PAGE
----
Author Dove Bennett is having a hard time talking to her kids, 5 and 2, about police brutality. She said, “When we pass cops, I just can’t bring myself to tell them the truth.”

The truth can be traumatizing. But for Black parents such as Bennett, who plans to tell her kids by the time they turn 10 about why they shouldn’t feel so trusting toward the police, the discussion will be necessary to help try to keep them safe.

Tell the whole truth? It’s developmental

When we talk to our kids about sex or other sensitive topics, we don’t need to give them the whole story.

“Any conversation worth having is worth having a hundred times,” Stoeber said. Each time a conversation comes up, you can add in more detail as you deem developmentally appropriate.

How to handle divorce

A common pain point with this topic is divorce.

Most divorcing parents choose to leave out the details, including infidelity, addiction and abuse. Stoeber said that you don’t tell the whole story because you don’t want to “malign them against their father or mother.”

Divorce is a special situation. Legally, it is in your best interest to keep details to yourself.

“A parent otherwise considered stable might be viewed as irresponsible during a custody battle if that parent is found to have provided inappropriate details that were harmful to the child’s mental state or well-being,” said Kem L. Marks, a lawyer at Just in Time Legal Solutions in Alabama.

She advises clients not to disclose details that could be seen as developmentally inappropriate or that can be interpreted as a ploy to pit one parent against the other. Telling the truth, in this case, is not worth the risk.

However, Stoeber said it’s OK, when asked why you are divorcing, to tell your child the reasons are “adult content” and that they “are not ready to know that yet.” That word, “yet,” speaks to a growth mindset and gives your child a safe feeling of attachment. Good attachment isn’t lying to manipulate. It’s a loving act to take care of your child’s emotional health.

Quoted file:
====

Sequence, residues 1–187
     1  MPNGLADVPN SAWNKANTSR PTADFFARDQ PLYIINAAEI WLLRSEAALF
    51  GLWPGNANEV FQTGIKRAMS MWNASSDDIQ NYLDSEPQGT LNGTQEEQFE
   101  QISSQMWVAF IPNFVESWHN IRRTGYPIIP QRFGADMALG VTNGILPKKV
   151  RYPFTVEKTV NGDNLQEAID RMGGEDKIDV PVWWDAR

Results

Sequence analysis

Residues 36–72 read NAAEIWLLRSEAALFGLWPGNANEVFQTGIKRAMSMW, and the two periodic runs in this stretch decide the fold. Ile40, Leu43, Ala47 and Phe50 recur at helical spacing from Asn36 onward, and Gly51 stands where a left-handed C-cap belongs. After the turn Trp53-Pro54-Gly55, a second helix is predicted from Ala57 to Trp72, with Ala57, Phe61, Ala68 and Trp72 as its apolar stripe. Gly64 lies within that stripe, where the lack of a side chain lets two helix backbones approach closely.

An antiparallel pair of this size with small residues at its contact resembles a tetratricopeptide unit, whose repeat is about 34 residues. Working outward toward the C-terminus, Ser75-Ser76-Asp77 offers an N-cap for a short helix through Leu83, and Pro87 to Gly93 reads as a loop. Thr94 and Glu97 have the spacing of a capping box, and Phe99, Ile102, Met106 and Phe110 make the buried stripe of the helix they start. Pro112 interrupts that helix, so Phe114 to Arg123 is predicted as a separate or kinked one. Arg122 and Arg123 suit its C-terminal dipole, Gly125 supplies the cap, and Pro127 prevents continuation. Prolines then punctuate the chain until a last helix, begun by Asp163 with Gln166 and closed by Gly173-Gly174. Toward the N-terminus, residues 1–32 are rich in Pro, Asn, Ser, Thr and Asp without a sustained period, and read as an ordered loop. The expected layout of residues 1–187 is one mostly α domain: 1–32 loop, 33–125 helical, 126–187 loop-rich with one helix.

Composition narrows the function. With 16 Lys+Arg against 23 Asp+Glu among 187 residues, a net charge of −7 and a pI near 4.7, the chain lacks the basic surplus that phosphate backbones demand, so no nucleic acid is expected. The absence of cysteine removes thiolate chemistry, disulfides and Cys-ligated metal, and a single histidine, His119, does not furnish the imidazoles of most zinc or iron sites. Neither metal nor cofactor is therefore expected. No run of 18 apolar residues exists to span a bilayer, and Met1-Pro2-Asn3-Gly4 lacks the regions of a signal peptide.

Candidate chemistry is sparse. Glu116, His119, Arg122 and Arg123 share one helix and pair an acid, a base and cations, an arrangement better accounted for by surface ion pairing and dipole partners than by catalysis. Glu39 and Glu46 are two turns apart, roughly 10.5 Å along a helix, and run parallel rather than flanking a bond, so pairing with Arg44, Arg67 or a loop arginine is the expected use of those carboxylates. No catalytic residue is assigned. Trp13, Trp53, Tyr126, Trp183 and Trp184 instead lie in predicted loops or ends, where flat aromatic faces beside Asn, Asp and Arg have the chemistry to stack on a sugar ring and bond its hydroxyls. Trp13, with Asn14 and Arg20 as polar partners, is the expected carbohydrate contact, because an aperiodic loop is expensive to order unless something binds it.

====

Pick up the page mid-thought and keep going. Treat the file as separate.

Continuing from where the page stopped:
The truth usually comes out

The truth will often come out in the end.

Kids who are lied to tend to fill in the gaps themselves, which can lead to misinformation, distrust and a higher likelihood that they will become liars, Ketteler and Stoeber both said, citing research.

“It is important to protect children and not overload them with stuff of the adult world. But at a certain point, you can’t hide things from them. Even really little kids know how to ask Siri things,” Ketteler said.

To help navigate these conversations, “create a culture in your family where it’s OK to talk about anything anytime. Be an open door for your kids. Create an atmosphere of trust. Sensitive topics need to be talked about over and over and over,” Stoeber advised.

Each time you broach a potential opportunity to omit, judge your child’s personality, temperament, age, development and emotional state to help guide you not in how to lie to your child but in how to deliver the truth in a gentle, loving and appropriate way.

Maybe I need to come clean to my kids about the spinach lie. They seem to have figured out the tooth fairy game but are still playing me for cash. As for the big lies, I’m going to watch, wait and get advice when the time feels right.

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Laura Wheatman Hill lives in Portland, Oregon, with her two children. You can find her at her website.